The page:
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back to article The internet ate our homework

What went wrong with Borders? The story so far is that a mouse is eating an elephant. According to my own back-of-the-envelope calculations as well as a more serious report from Frost & Sullivan, online shopping accounts for about five per cent of the Australian consumer’s retail dollar. That’s enough to cause private equity …

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Anonymous Coward

yeah but...

This is related to UK chains of these two stores but the model they followed was probably the same in abroad, so anyway its worth pointing out that the strategy of Woolworths was seriously flawed, in that yes they could drive down prices (because they owned the biggest distributor EUK) but they didnt make any money, Borders had massive sellection, they had very good stores, but they were very heavy on staff costs and full of dead stock, it was inivitable, both were poorly managed

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Australian Book Stores

Have noone but themselves to blame. I went to buy a non-fiction paperback here and the price was $27. I got it shipped from the book depository in the UK for $11. Delivered. Therein layeth the problem.

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I Would Agree

but I think we also have to accept that Australian publishers need to take a large portion of the blame here. They have been gouging Australian readers for decades with ridiculously over inflated retail pricing. Book stores don't set prices, publishers do. The book is printed with a price on it and the book store is given 40% of the sale price. Sure, some book stores can trim that margin down a bit but they have to make money to pay the rent too.

Publishers have been making hay for decades because consumers have had no alternative but to pay the cover price.

Now that the Internet is here consumers do have an alternative and it's high time Australian publishers moderated their demands on the consumer or suffer the consequences.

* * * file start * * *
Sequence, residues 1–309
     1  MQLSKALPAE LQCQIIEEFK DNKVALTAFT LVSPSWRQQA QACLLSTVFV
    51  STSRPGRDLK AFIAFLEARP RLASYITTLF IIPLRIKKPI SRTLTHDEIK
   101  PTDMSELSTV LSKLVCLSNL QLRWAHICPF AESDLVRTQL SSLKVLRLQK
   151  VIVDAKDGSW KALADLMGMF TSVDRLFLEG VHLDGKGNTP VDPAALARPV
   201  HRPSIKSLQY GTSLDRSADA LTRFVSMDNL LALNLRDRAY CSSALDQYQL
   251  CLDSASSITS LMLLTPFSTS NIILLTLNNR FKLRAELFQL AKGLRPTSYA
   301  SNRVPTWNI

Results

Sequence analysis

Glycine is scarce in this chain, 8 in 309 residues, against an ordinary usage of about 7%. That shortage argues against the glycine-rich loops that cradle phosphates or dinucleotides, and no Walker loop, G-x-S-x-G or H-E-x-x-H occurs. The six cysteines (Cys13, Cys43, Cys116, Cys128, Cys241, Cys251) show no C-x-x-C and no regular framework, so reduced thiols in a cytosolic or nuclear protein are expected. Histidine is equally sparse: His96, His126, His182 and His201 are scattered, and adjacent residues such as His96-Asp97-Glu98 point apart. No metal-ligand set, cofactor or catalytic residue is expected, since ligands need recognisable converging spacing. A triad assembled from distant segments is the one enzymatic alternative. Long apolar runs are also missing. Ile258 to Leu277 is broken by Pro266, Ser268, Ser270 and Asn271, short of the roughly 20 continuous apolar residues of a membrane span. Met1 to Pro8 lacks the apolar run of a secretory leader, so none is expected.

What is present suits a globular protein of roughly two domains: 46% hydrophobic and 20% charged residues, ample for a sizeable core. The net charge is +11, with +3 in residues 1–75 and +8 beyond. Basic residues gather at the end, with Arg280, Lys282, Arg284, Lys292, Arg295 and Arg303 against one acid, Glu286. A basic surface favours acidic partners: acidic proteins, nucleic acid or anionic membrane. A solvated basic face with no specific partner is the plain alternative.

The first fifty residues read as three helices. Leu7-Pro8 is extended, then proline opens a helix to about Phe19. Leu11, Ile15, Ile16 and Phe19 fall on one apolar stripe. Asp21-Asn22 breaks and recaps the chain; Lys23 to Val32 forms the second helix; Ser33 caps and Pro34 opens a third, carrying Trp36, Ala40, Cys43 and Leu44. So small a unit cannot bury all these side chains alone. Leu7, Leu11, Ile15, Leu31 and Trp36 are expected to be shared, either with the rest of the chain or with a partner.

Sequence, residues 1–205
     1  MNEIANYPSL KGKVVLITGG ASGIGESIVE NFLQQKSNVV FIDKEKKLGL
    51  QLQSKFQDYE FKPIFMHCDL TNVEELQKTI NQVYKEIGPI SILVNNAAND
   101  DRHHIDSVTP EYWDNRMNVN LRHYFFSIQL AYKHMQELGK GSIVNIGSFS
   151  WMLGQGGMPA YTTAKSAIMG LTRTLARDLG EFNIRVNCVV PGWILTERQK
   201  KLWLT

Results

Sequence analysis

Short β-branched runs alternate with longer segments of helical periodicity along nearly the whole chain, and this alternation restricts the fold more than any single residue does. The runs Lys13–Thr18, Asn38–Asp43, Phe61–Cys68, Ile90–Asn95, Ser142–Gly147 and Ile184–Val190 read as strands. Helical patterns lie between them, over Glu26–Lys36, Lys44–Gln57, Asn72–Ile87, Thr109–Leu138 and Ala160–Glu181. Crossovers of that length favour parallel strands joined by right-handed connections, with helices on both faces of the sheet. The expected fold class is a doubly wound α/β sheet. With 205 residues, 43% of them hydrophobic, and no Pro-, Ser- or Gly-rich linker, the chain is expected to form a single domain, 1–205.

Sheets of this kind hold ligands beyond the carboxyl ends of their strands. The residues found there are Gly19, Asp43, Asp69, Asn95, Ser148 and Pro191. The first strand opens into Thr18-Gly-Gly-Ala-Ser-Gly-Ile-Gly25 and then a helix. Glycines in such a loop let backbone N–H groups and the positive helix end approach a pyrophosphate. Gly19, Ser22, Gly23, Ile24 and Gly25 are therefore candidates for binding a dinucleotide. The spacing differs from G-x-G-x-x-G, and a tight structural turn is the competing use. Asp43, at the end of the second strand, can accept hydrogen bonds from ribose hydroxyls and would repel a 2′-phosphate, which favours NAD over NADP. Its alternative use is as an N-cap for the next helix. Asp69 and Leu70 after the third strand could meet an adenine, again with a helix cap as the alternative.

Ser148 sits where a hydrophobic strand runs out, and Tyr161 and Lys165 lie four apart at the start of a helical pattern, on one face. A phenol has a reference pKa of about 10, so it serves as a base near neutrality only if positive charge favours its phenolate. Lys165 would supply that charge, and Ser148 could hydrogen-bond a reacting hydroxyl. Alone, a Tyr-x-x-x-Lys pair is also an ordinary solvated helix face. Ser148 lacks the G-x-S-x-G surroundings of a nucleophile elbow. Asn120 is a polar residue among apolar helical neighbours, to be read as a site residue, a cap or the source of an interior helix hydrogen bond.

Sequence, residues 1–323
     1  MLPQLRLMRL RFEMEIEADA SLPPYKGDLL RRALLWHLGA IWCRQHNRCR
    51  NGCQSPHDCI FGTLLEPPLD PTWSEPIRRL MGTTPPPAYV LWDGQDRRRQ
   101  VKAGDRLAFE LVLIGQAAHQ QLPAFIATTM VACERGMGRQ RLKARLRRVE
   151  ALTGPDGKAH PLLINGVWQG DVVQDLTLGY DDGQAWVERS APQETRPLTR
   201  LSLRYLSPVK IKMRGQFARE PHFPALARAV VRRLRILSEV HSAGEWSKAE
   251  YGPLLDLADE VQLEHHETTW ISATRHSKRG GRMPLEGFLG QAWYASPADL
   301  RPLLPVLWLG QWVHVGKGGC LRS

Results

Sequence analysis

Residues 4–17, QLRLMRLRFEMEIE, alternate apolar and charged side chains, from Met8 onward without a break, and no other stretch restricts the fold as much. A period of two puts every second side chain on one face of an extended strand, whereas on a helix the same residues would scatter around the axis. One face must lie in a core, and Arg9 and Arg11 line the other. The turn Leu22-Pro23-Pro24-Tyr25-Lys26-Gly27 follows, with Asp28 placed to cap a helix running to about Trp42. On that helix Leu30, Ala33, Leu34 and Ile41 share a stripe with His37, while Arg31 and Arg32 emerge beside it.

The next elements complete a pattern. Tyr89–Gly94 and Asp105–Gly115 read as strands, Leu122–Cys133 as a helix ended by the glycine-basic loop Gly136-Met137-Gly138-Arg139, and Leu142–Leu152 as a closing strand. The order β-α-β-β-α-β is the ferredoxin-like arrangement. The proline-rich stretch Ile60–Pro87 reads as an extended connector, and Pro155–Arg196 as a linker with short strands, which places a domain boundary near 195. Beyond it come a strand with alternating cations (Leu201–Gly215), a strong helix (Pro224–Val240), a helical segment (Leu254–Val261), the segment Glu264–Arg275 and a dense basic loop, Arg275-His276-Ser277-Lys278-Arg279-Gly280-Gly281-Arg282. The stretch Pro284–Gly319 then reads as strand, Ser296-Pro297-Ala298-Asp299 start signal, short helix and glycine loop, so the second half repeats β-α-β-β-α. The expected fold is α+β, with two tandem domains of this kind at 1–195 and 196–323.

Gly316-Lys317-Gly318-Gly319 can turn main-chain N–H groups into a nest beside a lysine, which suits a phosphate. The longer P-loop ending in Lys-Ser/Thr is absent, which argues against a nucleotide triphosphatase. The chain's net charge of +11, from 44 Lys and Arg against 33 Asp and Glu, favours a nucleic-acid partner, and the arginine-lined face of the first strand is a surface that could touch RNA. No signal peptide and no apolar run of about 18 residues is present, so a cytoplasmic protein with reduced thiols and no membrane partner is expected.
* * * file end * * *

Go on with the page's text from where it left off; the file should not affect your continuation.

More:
Blaming the Internet for their woes is just puerile and will amount to nothing in the long run.

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Thumb Up

You're not wrong

Aussie book publishing/retailing has had an easy ride over the years thanks to government protection.

I love the sound of capitalists whining about capitalism and how unfair it is. So, Australian publishing mafia, you joined the club and you agreed to play by the club's rules. Don't cry hard-done-by when the rules come back to bite you on the arse.

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FAIL

RTFA

"Because of absurd territorial copyright laws, Amazon in America is able to get books to Australia before local publication, and because of publishers’ price-fixing powers (which in most industries would be illegal), Amazon ships books from America cheaper than the local store can get them."

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Happy

Mark 65

What's most impressive is that's despite the *huge* distance that book has had to come.

Staggering.

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sellin' coal t' Nyucassle

when gettin' t'coal from t'pit t' t'power station were more expensive than shippin' t'coal from Australia t' t'power station that's what closed our pits! now we're doin' t' same t' Australian book shops.

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Thy Emperor, he hath no clothes.

Why does it take a UK (tech) publication to speak truth in the Australian Retail Market?

(and what is it with the recent rash of Oz stories - Going for a .com.au edition?)

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@Oz?

Maybe the this journalist is an Aussie who keeps in touch with down under?

Maybe just a Kylie fixation?

Inquiring minds need to know...

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FAIL

protectionist laws

If I recall correctly, the "absurd territorial copyright laws" mentioned in the article makes it illegal for businesses to import any book into Australia that hasn't been published by local publishers for two years. (This two-year period can be fudged and extended with reprints and new editions.) All in the name of saving the jobs of Australian publishers.

Hence the steep price of books.

I recall this law was called into question some years ago but the powers that be decided it should stay.

Ironic that this protectionist law will now contribute to the loss of jobs of store-front staff. Perhaps even more than the number of publisher jobs than were "saved" in the first place?